Dark Matter Can Interact With Itself, Galaxy Collisions Show

The distribution of dark matter in the galaxy cluster Abell 3827 appears as blue contour lines in this view from the Hubble Space Telescope.
The distribution of dark matter in the galaxy cluster Abell 3827 appears as blue contour lines in this view from the Hubble Space Telescope. (Image credit: ESO/R. Massey)

It appears that dark matter — the mysterious stuff that makes up most of the matter in the universe — may be able to interact with other bits of dark matter, and not just through the pull of its gravity.

Researchers looking at four colliding galaxies discovered a discovered a clump of dark matter apparently  moving more slowly than its host galaxy. This slowing-down would be expected if dark matter was interacting with separate clumps of dark matter through forces other than gravity.

"We used to think that dark matter just sits around, minding its own business, except for its gravitational pull," said lead author and astrophysicist Richard Massey at Durham University, in the United Kingdom, in a statement. "But if dark matter were being slowed down during this collision, it could be the first evidence for rich physics in the dark sector — the hidden universe all around us." [Gallery: Dark Matter Throughout the Universe]

Astronomers know more about what dark matter is not than what it actually is. See what scientists know about dark matter in this Space.com infographic. (Image credit: Karl Tate, Space.com Infographics Artist)

Dark matter makes up about 85 percent of the matter in the universe, or about five times as much as regular matter — the stuff we see in everyday life. But it does not emit, reflect or absorb light, which makes it virtually invisible to astronomers.

Because dark matter is constructed differently than normal matter, astronomers can track it only through its gravitational effects on stars and galaxies. For example, dark matter is often detected through a phenomenon called gravitational lensing, which happens when the gravity of a massive object (like dark matter) distorts the light of an object behind it.

A Hubble Space Telescope image of galaxy cluster Abell 3827, where dark matter may have been observed interacting with itself during a galaxy collision. (Image credit: ESO)

If confirmed, the new finding would mark the first time that dark matter has been detected  interacting with itself via forces other than gravity. The scientists cautioned, however, that more collisions will need to be observed and further computer simulations performed to confirm the finding.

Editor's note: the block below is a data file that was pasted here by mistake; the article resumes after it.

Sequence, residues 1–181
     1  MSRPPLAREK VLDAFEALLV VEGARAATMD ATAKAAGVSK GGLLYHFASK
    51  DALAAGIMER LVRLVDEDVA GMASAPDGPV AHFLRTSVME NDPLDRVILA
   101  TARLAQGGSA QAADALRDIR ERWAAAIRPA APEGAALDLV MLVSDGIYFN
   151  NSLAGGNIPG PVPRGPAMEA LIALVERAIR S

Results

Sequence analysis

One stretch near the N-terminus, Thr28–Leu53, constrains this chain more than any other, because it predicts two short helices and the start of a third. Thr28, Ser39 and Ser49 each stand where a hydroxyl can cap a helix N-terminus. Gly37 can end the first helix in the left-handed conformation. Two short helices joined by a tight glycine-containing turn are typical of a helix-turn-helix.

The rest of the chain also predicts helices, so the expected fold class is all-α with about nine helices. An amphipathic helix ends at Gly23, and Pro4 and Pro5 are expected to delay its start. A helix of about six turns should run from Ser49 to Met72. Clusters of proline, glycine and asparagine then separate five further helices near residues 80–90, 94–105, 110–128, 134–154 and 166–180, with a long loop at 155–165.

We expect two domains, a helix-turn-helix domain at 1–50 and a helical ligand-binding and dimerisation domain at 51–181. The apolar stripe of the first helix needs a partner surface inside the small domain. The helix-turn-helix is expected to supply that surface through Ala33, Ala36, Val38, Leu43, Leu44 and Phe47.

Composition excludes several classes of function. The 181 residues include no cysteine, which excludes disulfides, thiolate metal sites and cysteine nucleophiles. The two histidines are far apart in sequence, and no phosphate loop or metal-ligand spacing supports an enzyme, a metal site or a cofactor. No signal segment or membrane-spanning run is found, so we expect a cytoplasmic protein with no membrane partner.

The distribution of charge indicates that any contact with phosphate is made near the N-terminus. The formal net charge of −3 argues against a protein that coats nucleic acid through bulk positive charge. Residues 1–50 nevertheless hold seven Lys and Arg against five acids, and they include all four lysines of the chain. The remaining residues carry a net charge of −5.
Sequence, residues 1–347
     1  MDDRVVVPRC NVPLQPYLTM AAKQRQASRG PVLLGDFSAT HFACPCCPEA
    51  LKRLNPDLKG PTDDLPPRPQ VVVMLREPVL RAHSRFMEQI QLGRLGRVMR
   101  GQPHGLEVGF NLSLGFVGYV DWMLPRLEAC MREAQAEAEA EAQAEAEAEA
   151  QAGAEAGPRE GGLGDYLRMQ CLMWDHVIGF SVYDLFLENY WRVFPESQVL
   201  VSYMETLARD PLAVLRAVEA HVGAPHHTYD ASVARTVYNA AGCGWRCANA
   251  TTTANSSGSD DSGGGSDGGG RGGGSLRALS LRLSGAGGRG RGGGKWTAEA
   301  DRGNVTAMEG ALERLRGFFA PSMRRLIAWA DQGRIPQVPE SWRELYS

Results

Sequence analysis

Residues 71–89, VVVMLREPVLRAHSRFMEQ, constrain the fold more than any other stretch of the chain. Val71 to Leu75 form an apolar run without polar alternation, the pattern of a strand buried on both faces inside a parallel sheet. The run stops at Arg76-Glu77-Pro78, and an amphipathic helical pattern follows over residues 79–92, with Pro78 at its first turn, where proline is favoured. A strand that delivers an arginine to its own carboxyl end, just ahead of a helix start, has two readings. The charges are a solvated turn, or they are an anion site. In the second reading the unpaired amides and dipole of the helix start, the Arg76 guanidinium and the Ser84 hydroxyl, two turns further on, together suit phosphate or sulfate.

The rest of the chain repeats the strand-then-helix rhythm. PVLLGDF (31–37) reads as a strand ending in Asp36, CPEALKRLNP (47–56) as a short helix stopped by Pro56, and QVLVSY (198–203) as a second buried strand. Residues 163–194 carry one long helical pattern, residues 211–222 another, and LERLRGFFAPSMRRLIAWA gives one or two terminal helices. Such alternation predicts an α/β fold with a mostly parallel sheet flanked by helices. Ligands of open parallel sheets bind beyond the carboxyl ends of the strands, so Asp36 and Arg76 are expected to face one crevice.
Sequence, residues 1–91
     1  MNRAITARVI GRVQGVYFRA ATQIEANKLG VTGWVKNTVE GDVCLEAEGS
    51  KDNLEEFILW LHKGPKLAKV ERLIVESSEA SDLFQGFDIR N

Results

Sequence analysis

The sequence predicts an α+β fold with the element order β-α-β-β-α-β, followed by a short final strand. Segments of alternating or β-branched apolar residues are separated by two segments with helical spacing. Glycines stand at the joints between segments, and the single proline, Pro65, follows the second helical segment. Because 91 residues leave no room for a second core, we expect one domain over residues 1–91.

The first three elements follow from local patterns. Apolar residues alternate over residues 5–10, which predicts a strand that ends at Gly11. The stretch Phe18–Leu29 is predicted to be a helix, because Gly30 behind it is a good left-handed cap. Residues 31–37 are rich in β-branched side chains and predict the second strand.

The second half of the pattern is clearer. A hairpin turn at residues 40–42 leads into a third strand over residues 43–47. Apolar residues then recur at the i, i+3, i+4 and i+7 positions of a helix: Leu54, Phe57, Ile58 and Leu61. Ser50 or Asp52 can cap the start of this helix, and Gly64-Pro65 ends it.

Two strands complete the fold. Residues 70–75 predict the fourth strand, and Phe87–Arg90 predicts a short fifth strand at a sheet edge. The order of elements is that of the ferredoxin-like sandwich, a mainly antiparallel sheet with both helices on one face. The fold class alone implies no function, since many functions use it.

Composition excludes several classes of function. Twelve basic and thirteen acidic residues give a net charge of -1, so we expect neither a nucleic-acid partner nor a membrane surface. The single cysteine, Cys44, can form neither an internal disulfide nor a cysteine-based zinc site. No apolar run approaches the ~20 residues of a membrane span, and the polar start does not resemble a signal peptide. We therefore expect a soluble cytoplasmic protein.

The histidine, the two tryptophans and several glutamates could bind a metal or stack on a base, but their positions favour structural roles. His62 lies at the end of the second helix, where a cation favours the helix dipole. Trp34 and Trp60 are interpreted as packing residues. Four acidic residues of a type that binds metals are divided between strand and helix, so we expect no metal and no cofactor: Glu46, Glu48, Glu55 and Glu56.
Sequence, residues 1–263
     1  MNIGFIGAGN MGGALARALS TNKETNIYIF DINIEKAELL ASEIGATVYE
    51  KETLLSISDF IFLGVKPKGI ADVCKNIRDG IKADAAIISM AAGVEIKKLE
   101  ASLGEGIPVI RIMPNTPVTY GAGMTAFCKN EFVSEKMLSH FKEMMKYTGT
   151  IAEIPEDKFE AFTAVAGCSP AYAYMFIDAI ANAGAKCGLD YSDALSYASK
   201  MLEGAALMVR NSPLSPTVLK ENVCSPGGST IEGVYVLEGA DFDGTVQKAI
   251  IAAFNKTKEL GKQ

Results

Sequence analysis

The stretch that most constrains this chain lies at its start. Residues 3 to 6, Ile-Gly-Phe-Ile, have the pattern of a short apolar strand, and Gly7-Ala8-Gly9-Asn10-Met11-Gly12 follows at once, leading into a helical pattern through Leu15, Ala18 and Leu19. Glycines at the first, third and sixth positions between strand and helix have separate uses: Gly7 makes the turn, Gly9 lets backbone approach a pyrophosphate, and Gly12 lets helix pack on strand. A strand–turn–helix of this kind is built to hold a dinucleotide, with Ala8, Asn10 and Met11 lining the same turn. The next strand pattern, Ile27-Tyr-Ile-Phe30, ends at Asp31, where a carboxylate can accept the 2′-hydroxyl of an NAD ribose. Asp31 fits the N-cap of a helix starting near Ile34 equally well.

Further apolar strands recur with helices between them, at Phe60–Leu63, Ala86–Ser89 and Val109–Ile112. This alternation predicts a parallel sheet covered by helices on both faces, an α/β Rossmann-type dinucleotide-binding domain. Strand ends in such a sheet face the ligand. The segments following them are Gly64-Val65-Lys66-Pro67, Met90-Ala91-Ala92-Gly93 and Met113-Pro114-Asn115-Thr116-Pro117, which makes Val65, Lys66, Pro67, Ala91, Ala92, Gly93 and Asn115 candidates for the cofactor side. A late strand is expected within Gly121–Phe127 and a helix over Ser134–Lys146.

Researchers made the discovery while examining galaxy cluster Abell 3827, using an instrument on the European Southern Observatory's Very Large Telescope, as well images from the Hubble Space Telescope.

The same research team recently published another study where they looked at 72 collisions between galaxy clusters, and saw very little interaction between dark matter clumps. In this new study, however, the scientists were looking at individual galaxies instead of entire clusters. The galaxy collisions observed in the new study may have lasted longer than the cluster collisions observed in the previous study, making it possible for the scientists to observe the non-gravitational dark matter interactions.

The new research was published in the Monthly Notices of the Royal Astronomical Society.

Follow Elizabeth Howell @howellspace, or Space.com @Spacedotcom. We're also on Facebook and Google+. Original article on Space.com

Join our Space Forums to keep talking space on the latest missions, night sky and more! And if you have a news tip, correction or comment, let us know at: community@space.com.

Elizabeth Howell
Staff Writer, Spaceflight

Elizabeth Howell (she/her), Ph.D., is a staff writer in the spaceflight channel since 2022 covering diversity, education and gaming as well. She was contributing writer for Space.com for 10 years before joining full-time. Elizabeth's reporting includes multiple exclusives with the White House and Office of the Vice-President of the United States, an exclusive conversation with aspiring space tourist (and NSYNC bassist) Lance Bass, speaking several times with the International Space Station, witnessing five human spaceflight launches on two continents, flying parabolic, working inside a spacesuit, and participating in a simulated Mars mission. Her latest book, "Why Am I Taller?", is co-written with astronaut Dave Williams. Elizabeth holds a Ph.D. and M.Sc. in Space Studies from the University of North Dakota, a Bachelor of Journalism from Canada's Carleton University and a Bachelor of History from Canada's Athabasca University. Elizabeth is also a post-secondary instructor in communications and science at several institutions since 2015; her experience includes developing and teaching an astronomy course at Canada's Algonquin College (with Indigenous content as well) to more than 1,000 students since 2020. Elizabeth first got interested in space after watching the movie Apollo 13 in 1996, and still wants to be an astronaut someday. Mastodon: https://qoto.org/@howellspace